- An L.A. Weekly article on why musician John Roderick couldn’t be a fan brought about a number of responses. “[T]here was a turning point somewhere at the end of grade school where kids started lining up behind brands. I mean, I read Mad magazine, but I wouldn’t have called myself a fan; the whole point of Mad was that they were ripping you off and laughing at you. The British invasion bands kinda smirked at their fans, too. My fandom pretty much stopped at the door. I owned the records, what else was I supposed to do?…Maybe that’s what I dislike about fandom: commitment. I never wanted to be so tied to a band that I couldn’t pull back.”
- Writer Jessica Khoury wrote at NPR about what Harry Potter brought to her life. “Did I lose some friends? I did. I remember telling some that I’d read the books and even liked them, and in shock they’d declared our friendship over, that we’d never speak again. And it was true, we never did — but to my surprise, I found myself relieved. I never once missed them. I heard others whispering Did you hear that Jessica read Harry Potter? and I smiled. Years later, I would sit in a theater with some of those same friends — and even my parents — for the opening night screening of Harry Potter and the Order of the Phoenix. Years later, I’d find myself holding a butterbeer and crying in the middle of Hogsmeade at the Wizarding World of Harry Potter, because here was where it all began. Here was the beginning of my autonomy.”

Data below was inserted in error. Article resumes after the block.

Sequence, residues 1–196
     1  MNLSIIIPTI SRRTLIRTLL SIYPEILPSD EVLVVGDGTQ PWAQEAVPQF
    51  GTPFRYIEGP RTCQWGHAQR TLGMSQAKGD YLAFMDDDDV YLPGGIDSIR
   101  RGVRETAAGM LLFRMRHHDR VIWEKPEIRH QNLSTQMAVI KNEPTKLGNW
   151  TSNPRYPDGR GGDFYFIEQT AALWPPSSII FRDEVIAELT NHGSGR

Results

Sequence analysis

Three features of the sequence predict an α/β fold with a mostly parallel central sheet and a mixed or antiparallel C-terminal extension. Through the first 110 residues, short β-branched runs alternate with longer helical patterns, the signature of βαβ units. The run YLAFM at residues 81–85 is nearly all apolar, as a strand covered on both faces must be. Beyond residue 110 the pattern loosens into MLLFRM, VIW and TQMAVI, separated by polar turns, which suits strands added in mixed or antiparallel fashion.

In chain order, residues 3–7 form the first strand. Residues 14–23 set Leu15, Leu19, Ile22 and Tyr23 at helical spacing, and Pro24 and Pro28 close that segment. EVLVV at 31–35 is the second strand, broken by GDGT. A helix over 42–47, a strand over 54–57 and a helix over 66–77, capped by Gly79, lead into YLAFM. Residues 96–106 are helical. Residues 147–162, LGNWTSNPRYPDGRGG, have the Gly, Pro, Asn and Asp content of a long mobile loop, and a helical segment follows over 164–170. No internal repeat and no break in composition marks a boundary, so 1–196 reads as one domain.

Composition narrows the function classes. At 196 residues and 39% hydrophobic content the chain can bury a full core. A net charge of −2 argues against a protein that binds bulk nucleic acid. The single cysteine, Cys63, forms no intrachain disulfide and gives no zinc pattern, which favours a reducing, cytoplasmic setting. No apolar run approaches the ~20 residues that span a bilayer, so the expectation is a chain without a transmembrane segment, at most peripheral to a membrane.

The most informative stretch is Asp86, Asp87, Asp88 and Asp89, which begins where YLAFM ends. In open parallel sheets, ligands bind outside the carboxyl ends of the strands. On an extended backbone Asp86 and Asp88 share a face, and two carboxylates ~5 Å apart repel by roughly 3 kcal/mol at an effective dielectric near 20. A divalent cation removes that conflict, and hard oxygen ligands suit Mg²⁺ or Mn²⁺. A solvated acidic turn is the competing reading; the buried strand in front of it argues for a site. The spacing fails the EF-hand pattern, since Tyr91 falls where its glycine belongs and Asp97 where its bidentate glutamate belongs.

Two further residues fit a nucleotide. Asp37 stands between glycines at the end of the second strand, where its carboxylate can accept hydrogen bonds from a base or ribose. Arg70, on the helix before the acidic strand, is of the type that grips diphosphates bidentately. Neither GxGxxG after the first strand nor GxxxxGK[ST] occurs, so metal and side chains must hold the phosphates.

- The Austin Chronicle claimed that the ATX Television Festival “caters to – and initiates – a new kind of fandom”, saying it’s “hitting its stride with audiences who increasingly view, review, and talk about TV the way they view, review, and talk about film. Around 1,200 of what co-founders Emily Gipson and Caitlin McFarland alternately call ‘quality television viewers’ and ‘DVD extra fans’ are…the viewers for whom ATXTVF was created. ‘They’re fans, but they’re interested in the industry,’ says McFarland. ‘Showrunners and creators are their rock stars.'”
- Arizona State University’s news service profiled a faculty member who wrote about football fandom in Africa. “‘It was very clear that people felt the vuvuzela was a fundamental threat to a specific Eurocentric version of football,’ Kassing added. ‘And therefore it was not seen, at least by most people commenting, as a legitimate or alternative fan tradition.’ Those posting in defense of the vuvuzela used humor and irony to make their points. Comments included, ‘Who let all the locals in, honking their strange instruments, dancing around and having a good time. Football should be watched in silence,’ along with, ‘The incessant droning noise completely destroys the pleasure of watching the sport on TV. Please ban Formula 1 immediately’.”
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